Javascript Magic w/Optgroups

A good 8 years ago or so, a co-worker of mine and I worked out how to use javascript with select objects to create a “to and from control” like you’d see in Outlook for selecting to, cc and bcc from your address book. Essentially we setup 2 selects with arrows in between. We populated to the two and then used javascript to move the options back and forth between the two. It’s a fairly straight forward process and the javascript is pretty simple once you strip it down. Since then I’ve always wanted to figure out how to do a to and from control using optgroups but have never taken the time to do so. Well, a recent project at work finally gave me the excuse to figure it out.

The requirements for this control were pretty straight forward. First, it must function in IE6, IE7 and Firefox. It should work by moving an option from one select to the other, while keeping the option within its defined optgroup. For instance, if Kansas is in the optgroup Midwest, when Kansas is moved to the other select, it needs to go in the Midwest optgroup. If the Midwest optgroup doesn’t exist then the optgroup needs to be created first. I also toyed with the idea of removing the optgroups once they were empty. I got it working but there are some odd idiosyncrasies to the way the hasChildNodes function works so I’m most likely not going to include it in my project. The final, and perhaps most important requirement, is that the tool needs to keep track of what items are added and removed from the right-hand side select. So, how do we do this?

To start, we pass in the ids of the three controls. The to select, the from select and the hidden that will be storing our values. Assuming they load appropriately, we should be good to go.

var DELETE_OPTGROUPS = false;

function optgroupMove(toID, fromID, addID)
{
  var to = document.getElementById(toID);
  var from = document.getElementById(fromID);
  var deletedOptions = new Array();
  var hidden = document.getElementById(addID);
  var index=0;

Next, we cycle over the from select. Any option that is currently selected will be moved to the “to” select. To do this, we retrieve the selected option, get its optgroup, create a new option, add it to the select and then assign the text and value to it. It may seem odd to do the text/value assign last but it was the only way to get the appendChild function to work in IE.

for(x=0; x<from.options.length; x++)
{
  if(from.options[x].selected == true)
  {
    /* Create the option, add to select and then add text and value.
     * We do this because IE6 and IE7 lose the text and value when
     * added to the select after the text and values have been set.
     */
    var option = from.options[x];
    var optgroup = option.parentNode;
    var optgroupMove = document.getElementById(toID + optgroup.label);
    var newOption = new Option();
    to.appendChild(newOption);
    newOption.text = option.text;
    newOption.value = option.value;

So far, we’ve just stuck the option in the select. It’s not associated with an optgroup. But, the optgroup we want may not exist. So, we check to see if it does and if not, we create one.

    // Check to see if the optgroup exists. If it doesn't create it
    if (!optgroupMove)
    {
      var optgroupNew = document.createElement('OPTGROUP');
      optgroupNew.id = toID + optgroup.label;
      optgroupNew.label = optgroup.label;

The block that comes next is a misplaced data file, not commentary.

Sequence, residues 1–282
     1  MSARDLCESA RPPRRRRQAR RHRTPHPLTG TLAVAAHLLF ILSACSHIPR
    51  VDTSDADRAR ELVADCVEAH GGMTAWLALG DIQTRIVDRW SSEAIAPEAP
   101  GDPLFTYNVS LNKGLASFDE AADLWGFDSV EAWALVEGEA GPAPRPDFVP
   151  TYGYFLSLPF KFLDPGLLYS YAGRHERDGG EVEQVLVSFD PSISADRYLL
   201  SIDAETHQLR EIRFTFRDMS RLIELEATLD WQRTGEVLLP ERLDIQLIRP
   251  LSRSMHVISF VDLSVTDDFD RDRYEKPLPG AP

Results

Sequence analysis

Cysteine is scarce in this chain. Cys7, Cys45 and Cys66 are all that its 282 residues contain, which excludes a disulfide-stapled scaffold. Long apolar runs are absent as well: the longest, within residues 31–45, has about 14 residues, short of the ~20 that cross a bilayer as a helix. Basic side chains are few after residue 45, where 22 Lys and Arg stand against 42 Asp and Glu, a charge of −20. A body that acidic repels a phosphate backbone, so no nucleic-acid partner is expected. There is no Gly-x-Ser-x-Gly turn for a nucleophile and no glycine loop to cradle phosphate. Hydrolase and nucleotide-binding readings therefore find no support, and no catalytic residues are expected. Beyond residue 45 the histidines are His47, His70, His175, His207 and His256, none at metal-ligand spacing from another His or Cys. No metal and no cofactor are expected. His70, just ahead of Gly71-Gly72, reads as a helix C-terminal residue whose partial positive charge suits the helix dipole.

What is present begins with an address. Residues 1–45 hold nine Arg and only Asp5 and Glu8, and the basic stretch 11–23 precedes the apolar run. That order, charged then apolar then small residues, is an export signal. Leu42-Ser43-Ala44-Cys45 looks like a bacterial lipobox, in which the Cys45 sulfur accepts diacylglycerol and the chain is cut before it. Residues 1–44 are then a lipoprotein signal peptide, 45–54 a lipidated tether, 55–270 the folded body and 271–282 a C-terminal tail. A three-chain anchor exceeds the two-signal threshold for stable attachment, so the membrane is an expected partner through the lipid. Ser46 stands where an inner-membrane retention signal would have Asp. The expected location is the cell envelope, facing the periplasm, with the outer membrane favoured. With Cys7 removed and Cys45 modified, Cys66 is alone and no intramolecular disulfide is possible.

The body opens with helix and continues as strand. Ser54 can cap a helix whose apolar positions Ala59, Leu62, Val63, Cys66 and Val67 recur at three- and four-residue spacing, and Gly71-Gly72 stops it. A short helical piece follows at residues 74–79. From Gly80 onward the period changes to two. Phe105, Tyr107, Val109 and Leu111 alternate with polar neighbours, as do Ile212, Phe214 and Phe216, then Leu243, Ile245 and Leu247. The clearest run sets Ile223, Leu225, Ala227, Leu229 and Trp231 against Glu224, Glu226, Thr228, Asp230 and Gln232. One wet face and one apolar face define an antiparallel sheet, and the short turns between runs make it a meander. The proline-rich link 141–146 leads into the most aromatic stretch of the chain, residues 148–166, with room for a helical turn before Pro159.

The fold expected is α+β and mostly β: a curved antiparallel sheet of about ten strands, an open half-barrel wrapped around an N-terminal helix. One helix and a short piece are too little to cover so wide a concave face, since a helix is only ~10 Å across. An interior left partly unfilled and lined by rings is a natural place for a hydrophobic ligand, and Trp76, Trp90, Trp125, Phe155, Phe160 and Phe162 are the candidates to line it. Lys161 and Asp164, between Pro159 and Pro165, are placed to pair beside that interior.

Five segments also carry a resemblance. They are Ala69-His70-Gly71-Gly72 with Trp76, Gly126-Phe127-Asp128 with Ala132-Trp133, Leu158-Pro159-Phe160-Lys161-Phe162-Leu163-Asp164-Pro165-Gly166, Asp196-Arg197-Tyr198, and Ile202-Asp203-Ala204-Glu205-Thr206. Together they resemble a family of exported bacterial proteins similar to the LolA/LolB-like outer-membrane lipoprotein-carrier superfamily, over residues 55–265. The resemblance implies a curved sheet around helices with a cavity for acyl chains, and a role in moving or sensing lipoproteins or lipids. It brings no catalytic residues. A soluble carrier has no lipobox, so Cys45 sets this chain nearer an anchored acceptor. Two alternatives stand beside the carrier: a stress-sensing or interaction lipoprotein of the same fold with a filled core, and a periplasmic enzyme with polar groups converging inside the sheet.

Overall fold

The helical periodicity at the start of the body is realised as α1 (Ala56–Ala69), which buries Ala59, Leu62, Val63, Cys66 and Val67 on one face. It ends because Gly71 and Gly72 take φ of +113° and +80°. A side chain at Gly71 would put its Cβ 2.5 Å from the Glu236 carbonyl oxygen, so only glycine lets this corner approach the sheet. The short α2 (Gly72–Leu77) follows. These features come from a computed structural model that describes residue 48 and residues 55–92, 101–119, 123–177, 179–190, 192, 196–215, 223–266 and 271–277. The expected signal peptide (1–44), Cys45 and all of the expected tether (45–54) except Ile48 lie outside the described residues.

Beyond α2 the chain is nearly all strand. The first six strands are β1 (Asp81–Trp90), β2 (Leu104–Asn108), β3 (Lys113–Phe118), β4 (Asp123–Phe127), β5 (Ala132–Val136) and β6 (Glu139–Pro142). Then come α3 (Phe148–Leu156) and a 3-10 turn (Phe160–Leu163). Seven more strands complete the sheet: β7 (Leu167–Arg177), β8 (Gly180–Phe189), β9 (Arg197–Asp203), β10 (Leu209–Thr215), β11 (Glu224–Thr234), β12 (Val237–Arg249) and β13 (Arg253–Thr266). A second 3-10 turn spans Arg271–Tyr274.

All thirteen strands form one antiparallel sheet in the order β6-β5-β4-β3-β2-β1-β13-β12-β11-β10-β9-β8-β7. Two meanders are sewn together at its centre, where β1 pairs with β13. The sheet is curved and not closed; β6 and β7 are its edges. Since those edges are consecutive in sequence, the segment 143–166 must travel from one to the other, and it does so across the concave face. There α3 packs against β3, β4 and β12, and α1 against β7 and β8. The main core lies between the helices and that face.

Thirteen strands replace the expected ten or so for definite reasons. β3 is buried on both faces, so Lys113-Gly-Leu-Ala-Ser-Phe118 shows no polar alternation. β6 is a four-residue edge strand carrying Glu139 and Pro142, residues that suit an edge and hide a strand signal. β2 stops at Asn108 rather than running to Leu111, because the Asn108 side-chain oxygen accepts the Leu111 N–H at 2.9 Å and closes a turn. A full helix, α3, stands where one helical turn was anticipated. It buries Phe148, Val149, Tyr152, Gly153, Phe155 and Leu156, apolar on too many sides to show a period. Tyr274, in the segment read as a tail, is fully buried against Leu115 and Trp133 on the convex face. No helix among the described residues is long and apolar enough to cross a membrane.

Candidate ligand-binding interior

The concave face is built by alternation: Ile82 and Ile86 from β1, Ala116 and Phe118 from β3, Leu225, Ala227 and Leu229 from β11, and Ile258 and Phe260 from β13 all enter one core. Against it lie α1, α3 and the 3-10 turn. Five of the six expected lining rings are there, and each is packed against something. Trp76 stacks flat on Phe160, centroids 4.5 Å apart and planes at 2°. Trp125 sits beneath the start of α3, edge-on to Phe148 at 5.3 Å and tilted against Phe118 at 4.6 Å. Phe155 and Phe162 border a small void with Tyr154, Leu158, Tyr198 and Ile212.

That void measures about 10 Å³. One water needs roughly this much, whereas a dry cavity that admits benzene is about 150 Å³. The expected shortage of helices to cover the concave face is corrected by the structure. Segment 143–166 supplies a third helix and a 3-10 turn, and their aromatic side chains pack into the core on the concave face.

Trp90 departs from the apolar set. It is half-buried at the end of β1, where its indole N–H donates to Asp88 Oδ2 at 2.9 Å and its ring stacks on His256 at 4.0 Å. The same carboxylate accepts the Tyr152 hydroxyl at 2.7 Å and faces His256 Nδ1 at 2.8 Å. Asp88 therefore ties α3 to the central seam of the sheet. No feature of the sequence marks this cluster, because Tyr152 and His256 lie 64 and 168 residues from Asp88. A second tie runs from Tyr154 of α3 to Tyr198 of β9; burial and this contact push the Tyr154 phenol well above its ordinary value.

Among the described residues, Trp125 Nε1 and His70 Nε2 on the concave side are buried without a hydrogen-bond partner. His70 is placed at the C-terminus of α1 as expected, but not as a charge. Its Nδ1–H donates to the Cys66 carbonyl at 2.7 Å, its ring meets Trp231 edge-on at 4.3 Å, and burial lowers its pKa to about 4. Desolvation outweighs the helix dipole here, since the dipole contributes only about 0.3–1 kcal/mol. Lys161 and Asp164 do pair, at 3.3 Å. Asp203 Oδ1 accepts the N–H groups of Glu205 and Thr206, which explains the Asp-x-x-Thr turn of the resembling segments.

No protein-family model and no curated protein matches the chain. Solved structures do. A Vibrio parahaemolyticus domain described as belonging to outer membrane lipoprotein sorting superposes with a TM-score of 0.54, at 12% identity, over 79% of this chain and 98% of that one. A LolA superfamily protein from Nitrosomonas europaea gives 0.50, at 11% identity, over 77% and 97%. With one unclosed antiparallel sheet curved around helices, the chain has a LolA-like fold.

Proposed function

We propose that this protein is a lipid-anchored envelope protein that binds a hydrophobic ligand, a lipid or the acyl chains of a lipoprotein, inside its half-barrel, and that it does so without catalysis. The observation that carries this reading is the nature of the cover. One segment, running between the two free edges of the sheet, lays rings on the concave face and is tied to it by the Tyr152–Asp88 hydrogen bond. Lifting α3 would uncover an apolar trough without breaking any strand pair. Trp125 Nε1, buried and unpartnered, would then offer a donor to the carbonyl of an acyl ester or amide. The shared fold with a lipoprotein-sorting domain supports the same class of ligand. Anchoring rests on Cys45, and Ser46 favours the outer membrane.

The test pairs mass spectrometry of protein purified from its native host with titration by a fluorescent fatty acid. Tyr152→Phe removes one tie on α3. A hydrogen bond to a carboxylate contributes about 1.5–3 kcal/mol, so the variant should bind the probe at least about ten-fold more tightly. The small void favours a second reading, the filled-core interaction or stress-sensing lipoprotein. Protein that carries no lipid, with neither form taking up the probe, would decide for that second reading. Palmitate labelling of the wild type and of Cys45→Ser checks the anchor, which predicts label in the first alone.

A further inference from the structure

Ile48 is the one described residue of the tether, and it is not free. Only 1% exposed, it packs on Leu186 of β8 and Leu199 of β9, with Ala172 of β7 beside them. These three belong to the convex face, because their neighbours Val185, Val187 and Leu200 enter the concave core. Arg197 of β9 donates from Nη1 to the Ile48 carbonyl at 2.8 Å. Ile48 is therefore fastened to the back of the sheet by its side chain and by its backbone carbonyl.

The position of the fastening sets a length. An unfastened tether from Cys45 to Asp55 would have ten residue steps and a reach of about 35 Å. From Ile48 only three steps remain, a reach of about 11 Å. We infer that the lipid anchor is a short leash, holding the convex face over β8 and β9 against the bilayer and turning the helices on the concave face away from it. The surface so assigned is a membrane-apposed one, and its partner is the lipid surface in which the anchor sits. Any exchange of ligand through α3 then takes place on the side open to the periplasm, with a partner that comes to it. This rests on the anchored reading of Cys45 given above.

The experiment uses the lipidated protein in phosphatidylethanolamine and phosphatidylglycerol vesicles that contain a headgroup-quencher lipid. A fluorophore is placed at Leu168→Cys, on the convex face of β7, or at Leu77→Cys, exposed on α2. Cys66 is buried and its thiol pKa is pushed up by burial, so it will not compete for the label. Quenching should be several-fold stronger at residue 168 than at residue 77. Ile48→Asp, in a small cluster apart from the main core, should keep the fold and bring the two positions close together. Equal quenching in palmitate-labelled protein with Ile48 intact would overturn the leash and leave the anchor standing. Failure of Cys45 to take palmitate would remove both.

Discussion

to.appendChild(optgroupNew);
      optgroupMove = document.getElementById(toID+optgroup.label);
    }

Now that we’re sure that we have an optgroup we can append our option to it. We also then add the old option to the deletedOptions array, as well as the provided hidden variable, if it exists.

    // Add our wayward option to the optgroup
    optgroupMove.appendChild(newOption);
    deletedOptions[index++] = option;
    if(hidden)
    {
      hidden.value = hidden.value + option.value + ',';
    }
  }
}

The final piece of the puzzle is to remove the option from the originating select. To do this we simply loop over the deleted options array, removing each option from its corresponding optgroup. This block also has the code to remove the optgroup if it’s empty. This is a bit finicky in how it works though. I’ll explain more below…

for (y = 0; y < deletedOptions.length; y++)
{
  var optgroup = deletedOptions[y].parentNode;
  optgroup.removeChild(deletedOptions[y]);
  /* The following removes the optgroup from the select if it is
   * empty. I made this optional because there is odd behavior
   * in the return from hasChildNodes if there is any whitespace at
   * all within the optgroup as it was orignally defined.  White space
   * constitutes a child node.
   */
  if(DELETE_OPTGROUPS && !optgroup.hasChildNodes())
  {
    var pNode = optgroup.parentNode;
    pNode.removeChild(optgroup);
  }
}

 

The problem with deleting the otpgroups (from what I’ve gathered so far) is that the hasChildNodes function will return true if there is any whitespace within the optgroup. In other words, when you define your optgroup, it has to be on one continuous line otherwise the whitespace is reported as a childnode and hasChildNodes returns true. This isn’t an issue if you populate your select through javascript but if you do it by hand or dynamically through php, jsp, etc. you’ll most likely put the whitespace in. If you don’t, then the delete will function appropriately.

Finally, the last piece is to deselect the selects so the have no options selected.

  // Unselect all options in both "to" and "from" select
  to.options.selectedIndex = -1;
  from.options.selectedIndex = -1;
}

And that’s it. View/test the code. Enjoy!